Bix Beiderbecke- date unknown, probably late 20s


Sidney Bechet’s Blue Note Jazzmen, 1949


Ja-Da (Bob Carleton)

Eddie Condon with Bud Freeman and Bobby Hackett – 1938



Rock-A-Bye Your Baby with a Dixie Melody (m. Jean Schwartz, w. Sam M. Lewis and Joe Young)

Al Jolson

I assume this is the 1918 recording by Jolson which introduced the song. Kind of tinny, but included because of its historic importance.


Al Jolson accompanied by Oscar Levant on piano, a live performance. This is probably from NBC radio’s Kraft Music Hall, hosted by Jolson. Levant was reportedly a frequent guest on the shows.


Judy Garland

August 1955 studio recording for Capitol Records JG with Orchestra conducted by Jack Cathcart

The slide show features pictures of Judy and her family including the two elder Gumm sisters, her Mother, her children Liza Minnelli and Lorna and Joey Luft, and her hubands David Rose, Vincente Minnelli, Sid Luft, Mark Herron and Mickey Deans.


The Judy Garland Special on Ford Star Jubilee; airdate: 24 September 1955 — According to the Judy Garland Database the show was broadcast on CBS as the premiere episode of the Ford Star Jubilee TV Series. I may put together a feature on this show as there seem to be at least a few other clips available.


Later Garland performances of the song include her Cocoanut Grove appearance on 6 August 1958, the Carnegie Hall show of July 1961, as well as taped performances for Episodes #12 and #20 of the Judy Garland Show in 1963-64.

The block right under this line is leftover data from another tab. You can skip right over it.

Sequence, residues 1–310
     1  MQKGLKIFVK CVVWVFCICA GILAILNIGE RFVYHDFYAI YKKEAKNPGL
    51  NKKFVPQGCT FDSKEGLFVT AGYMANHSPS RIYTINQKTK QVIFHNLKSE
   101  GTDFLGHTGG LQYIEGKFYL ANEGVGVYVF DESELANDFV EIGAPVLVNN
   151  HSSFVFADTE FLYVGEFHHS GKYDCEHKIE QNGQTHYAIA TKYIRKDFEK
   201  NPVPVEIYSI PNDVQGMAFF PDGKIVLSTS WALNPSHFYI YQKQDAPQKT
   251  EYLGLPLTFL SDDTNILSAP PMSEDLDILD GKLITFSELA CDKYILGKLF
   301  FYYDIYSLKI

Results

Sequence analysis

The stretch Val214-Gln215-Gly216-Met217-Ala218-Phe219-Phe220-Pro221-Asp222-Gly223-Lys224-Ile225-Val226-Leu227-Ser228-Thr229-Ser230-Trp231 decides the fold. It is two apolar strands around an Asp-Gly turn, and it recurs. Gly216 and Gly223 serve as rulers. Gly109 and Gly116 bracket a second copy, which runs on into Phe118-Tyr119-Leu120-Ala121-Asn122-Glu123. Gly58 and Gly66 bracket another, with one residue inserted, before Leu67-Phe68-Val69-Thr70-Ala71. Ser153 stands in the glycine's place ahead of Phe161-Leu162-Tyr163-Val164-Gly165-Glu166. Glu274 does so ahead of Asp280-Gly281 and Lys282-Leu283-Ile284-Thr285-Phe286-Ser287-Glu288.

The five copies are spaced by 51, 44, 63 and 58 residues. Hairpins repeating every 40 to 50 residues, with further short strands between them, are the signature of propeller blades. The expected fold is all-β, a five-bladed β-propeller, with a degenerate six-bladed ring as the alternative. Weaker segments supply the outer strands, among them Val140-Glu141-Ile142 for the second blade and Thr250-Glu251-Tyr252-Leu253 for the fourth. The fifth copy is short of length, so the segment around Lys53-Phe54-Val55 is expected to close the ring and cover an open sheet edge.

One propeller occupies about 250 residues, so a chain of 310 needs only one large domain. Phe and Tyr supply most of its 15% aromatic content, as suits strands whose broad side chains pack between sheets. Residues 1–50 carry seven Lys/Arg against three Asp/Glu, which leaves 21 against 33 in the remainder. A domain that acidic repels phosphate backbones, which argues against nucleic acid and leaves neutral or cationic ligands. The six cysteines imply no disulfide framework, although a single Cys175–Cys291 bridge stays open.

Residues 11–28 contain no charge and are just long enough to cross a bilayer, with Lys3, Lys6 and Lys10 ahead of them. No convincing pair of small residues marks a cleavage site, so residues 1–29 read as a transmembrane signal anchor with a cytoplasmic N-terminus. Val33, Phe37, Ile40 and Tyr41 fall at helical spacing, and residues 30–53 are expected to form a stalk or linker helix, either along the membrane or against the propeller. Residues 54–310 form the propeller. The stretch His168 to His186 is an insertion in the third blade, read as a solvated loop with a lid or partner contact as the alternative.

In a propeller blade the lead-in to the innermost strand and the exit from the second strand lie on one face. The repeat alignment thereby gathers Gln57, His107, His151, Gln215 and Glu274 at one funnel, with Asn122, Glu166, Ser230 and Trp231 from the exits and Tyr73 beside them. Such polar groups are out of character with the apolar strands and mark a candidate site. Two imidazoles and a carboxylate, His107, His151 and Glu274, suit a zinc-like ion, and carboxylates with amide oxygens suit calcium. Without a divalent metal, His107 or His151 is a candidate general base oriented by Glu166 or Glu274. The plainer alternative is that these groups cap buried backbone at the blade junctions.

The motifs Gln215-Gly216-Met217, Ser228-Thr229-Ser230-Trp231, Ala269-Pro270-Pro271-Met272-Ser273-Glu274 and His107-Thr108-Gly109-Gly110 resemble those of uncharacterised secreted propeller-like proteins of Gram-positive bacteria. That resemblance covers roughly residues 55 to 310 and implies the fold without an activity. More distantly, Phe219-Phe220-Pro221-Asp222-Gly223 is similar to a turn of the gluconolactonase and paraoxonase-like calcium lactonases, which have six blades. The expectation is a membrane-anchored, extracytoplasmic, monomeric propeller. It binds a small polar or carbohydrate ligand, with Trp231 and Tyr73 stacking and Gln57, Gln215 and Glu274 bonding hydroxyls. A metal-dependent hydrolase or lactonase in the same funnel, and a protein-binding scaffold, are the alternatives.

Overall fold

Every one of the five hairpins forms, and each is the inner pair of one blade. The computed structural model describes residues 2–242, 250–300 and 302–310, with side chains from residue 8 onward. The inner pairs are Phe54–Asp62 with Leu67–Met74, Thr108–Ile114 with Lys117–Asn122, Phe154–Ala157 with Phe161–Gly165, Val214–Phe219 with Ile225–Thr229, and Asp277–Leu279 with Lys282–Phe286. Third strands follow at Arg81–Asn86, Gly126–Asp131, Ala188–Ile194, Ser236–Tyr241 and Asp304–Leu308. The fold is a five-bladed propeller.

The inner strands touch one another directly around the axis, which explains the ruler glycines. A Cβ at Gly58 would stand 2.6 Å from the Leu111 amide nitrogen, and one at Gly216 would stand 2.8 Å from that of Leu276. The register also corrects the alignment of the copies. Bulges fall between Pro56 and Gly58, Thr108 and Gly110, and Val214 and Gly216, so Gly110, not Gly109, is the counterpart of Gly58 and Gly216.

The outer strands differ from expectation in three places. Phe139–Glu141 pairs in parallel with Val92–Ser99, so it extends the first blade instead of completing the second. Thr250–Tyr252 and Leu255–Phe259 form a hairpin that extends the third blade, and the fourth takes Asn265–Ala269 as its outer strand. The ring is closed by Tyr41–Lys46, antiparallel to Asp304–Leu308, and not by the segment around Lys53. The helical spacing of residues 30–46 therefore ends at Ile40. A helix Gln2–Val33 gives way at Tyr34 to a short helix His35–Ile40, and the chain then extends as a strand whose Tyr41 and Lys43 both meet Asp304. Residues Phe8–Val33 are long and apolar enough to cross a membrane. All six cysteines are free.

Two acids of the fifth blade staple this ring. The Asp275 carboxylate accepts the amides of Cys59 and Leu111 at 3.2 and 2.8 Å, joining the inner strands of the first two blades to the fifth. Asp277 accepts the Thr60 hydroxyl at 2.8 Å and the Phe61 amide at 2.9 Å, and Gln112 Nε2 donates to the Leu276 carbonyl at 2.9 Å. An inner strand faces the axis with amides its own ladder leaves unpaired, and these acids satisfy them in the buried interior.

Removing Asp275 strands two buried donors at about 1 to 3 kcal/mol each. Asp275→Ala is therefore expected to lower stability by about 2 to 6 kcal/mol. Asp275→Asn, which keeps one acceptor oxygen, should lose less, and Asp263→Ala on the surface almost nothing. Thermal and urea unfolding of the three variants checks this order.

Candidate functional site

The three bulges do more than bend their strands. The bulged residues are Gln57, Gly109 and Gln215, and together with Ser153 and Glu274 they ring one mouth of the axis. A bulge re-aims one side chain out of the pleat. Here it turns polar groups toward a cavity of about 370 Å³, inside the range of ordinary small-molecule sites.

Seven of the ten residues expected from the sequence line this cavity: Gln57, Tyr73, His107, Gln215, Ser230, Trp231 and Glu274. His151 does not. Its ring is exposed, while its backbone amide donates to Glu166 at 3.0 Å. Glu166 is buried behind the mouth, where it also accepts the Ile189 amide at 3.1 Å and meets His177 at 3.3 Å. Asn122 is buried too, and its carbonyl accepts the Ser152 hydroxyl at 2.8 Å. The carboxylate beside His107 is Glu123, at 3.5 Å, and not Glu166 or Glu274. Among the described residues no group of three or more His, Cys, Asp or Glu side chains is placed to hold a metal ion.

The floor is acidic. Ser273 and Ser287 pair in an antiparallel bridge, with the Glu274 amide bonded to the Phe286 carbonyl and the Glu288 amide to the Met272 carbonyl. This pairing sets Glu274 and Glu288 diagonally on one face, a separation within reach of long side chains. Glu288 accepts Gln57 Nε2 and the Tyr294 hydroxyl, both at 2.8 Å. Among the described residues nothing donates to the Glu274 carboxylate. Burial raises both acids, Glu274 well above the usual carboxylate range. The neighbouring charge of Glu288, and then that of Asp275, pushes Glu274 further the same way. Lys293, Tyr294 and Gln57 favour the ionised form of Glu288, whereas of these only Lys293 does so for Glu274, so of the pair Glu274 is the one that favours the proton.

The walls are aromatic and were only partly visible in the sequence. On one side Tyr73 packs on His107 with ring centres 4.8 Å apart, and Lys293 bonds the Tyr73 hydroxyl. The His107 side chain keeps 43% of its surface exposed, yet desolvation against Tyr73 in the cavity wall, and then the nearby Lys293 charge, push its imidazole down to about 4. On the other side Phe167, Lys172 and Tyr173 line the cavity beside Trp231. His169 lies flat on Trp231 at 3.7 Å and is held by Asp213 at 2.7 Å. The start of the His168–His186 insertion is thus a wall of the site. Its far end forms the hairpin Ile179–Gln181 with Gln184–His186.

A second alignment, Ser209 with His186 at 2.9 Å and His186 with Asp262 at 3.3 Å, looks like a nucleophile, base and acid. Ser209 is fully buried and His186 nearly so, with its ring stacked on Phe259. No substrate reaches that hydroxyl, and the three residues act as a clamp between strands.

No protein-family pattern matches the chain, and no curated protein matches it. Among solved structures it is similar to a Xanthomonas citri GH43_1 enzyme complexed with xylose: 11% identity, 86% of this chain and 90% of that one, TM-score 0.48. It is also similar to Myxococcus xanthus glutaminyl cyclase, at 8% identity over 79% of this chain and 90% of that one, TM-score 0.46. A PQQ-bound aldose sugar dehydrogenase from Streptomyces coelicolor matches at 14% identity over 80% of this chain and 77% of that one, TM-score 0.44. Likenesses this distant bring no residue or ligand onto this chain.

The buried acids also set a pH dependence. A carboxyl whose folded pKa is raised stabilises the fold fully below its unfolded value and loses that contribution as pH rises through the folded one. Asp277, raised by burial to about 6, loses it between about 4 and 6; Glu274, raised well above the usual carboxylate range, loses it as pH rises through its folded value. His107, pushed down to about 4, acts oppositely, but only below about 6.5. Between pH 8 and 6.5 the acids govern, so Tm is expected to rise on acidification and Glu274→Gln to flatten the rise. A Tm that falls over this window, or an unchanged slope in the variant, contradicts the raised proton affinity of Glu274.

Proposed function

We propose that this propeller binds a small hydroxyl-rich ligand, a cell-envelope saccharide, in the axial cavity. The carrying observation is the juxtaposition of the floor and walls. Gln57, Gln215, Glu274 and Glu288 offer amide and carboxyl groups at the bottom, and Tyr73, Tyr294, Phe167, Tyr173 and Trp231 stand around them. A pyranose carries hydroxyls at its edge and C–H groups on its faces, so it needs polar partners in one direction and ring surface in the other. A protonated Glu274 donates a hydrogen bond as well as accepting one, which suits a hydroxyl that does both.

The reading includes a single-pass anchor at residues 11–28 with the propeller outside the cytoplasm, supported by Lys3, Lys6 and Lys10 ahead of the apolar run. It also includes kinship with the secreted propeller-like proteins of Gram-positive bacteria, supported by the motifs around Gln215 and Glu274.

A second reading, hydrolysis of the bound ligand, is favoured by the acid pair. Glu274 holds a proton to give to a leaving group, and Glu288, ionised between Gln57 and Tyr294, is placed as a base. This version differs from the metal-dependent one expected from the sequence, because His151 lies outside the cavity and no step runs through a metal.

A concert at Minnesota’s State Centennial celebration, 11 May 1958, according to youtube provider BuzzStephens1.


Another undated performance, with slide show of Judy pics


The Andy Williams Show, 20 September 1965


Till We Meet Again (Richard A. Whiting, Raymond B. Egan)

A recording by Henry Burr and Albert Campbell was the number one hit of the year. Haven’t found this one yet.

Dave Williams – undated


Somebody Stole My Gal (Leo Wood) – The dozens of covers, many of them recent, available at Youtube and other video libraries attest to the lasting appeal of the song. It’s evidently a favorite of many dixieland bands and ukulele players. According to Wikipedia, Somebody Stole My Gal has been used in the soundtracks of at least seven Hollywood films.

Ted Weems and his Orchestra – recorded 20 November 1923


Bix Beiderbecke and His Gang – Bix Beiderbecke, c / Bill Rank, tb / Izzy Friedman, cl / Min Leibrook, bsx / Roy Bargy or Tom Satterfield, p / Harold MacDonald, d. New York, 17 April 1928.


Frankie Franko and his Louisianians -1930 – Vocal and trumpet by Kid Punch, nickname for Ernest “Punch” Miller


Benny Goodman and His Orchestra – date unknown


George Lewis and his New Orleans All Stars — recorded live in Tokyo on 21 August 1963


John Green’s Snap Syncopators – recorded live c. 1979 at The Half Moon, a pub in Putney, South West London, UK


1919 I'm Forever Blowing Bubbles-1-g5 (40p)

Click on the title to visit our separate feature page on


External links to additional selected hits, standards and other songs published in 1918:



1 Comment (+add yours?)

  1. musicdoc1
    May 22, 2020 @ 02:18:20